Corporations don’t have to wait for the SOPA bill to pass to start censoring the Internet, it turns out. Under a ruling just handed down by a federal judge in Nevada, hundreds of websites accused by Chanel of selling counterfeit goods are having their domains confiscated and their names removed from search engine results, with scanty evidence of the accusation’s validity. Read More
What’s the News: Whether genes can be property is an ongoing controversy in the world of biotechnology, and last week saw the latest court battle in that war: Upon appeal, a suit brought by the ACLU charging that genes aren’t products of human ingenuity and thus cannot be patented was settled largely in favor of Myriad Genetics, the biotech company that has patents on two BRCA genes. The genes are linked to hereditary breast and ovarian cancer, and plaintiffs charged that Myriad’s exclusive test for the genes kept patients from getting second opinions.
A detailed description of the court’s reasoning can be found over at Ars Technica. But for those of you who are thinking, what? someone else can own my genes?, chew on this: About 20% of human genes are patented or have patents associated with them, according to a comprehensive analysis. Here’s why.
If you talk smack on Yelp, it’s coming down.
What’s the News: Sign here, here, here, and here—that’s the first thing your doctor’s office asks you to do. Chances are, you’re not reading the forms too closely. But tucked in there might be a little clause that goes something like this: “all your online reviews are belong to us.” And if you refuse to sign it, they’ll refuse to see you.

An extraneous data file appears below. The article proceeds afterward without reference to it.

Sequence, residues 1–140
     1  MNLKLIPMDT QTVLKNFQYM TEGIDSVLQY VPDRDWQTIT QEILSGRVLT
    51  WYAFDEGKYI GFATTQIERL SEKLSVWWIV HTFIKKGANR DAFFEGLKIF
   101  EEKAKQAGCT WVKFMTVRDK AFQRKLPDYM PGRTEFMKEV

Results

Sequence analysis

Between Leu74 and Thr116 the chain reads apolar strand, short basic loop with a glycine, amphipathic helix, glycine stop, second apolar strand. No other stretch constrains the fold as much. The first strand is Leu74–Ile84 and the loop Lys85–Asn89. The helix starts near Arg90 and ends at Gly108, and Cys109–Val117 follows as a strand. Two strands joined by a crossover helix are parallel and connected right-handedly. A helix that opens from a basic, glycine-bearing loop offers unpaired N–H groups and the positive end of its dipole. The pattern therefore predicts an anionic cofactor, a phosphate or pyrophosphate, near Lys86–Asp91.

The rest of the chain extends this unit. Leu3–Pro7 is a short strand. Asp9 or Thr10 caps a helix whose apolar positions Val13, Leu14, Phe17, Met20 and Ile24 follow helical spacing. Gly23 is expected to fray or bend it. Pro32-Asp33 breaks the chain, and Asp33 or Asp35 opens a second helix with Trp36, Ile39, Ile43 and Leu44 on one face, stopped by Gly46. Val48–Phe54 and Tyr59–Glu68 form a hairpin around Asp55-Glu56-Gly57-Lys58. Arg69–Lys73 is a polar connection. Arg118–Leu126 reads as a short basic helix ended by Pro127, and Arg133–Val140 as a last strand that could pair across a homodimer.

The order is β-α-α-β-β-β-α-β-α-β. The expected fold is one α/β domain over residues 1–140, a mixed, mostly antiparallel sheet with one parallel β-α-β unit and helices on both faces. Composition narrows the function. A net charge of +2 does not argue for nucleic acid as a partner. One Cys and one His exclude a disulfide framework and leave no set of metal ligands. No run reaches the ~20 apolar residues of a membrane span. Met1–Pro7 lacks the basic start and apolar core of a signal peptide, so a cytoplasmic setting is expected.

Doctors and dentists have started including this language, provided by an organization called Medical Justice, in their releases in an effort to keep negative online reviews from going up on sites like Yelp. But, as Ars Technica found, there are about a million different ways that this is both silly and pointless.
What’s the News: As a European court looks poised to ban the patenting of technologies using human embryonic stem cells (hESCs), a group of prominent scientists has issued a warning: regenerative medicine is never going to leave the lab if no one can make money on it.
A uPrint 3D printer in action
What’s the News: Earlier this year, designer Ulrich Schwanitz, a Dutch designer, made a real model of an “impossible” object—the Penrose triangle—using a 3D printer; he then started selling these models, through a company that printed them, for $70 apiece. When another designer figured out how to make a 3D blueprint for the shape, and put it up on Thingiverse, an open-source site for printable objects, Schwanitz lodged a copyright complaint against Thingiverse.
Although Schwanitz soon rescinded the complaint, it was the first instance where 3D printing ran smack up against copyright law. ars technica has an excellent piece looking at intellectual property issues that are likely to arise as 3D printing becomes better, cheaper, and more widespread, letting consumers create all kinds of stuff at home.
The nation’s political focus this week is on the plodding confirmation hearings for Elena Kagan to become a Supreme Court justice. But if you need a break from choreographed political spectacle, it’s a good time to remember that the man she would replace, Justice John Paul Stevens, casts a long shadow over science and tech.
Ars Technica revisits Justice Stevens’ legacy—he was a onetime Navy cryptographer who helped Internet freedom by ruling against parts of the Communications Decency Act and opposing software patents. And if you still have drawers full of Star Trek: The Next Generation episodes you taped off TV, you have Stevens’ decision in Sony v. Universal to thank for that (as well as setting the precedent that stopped the music industry from suppressing mp3 players).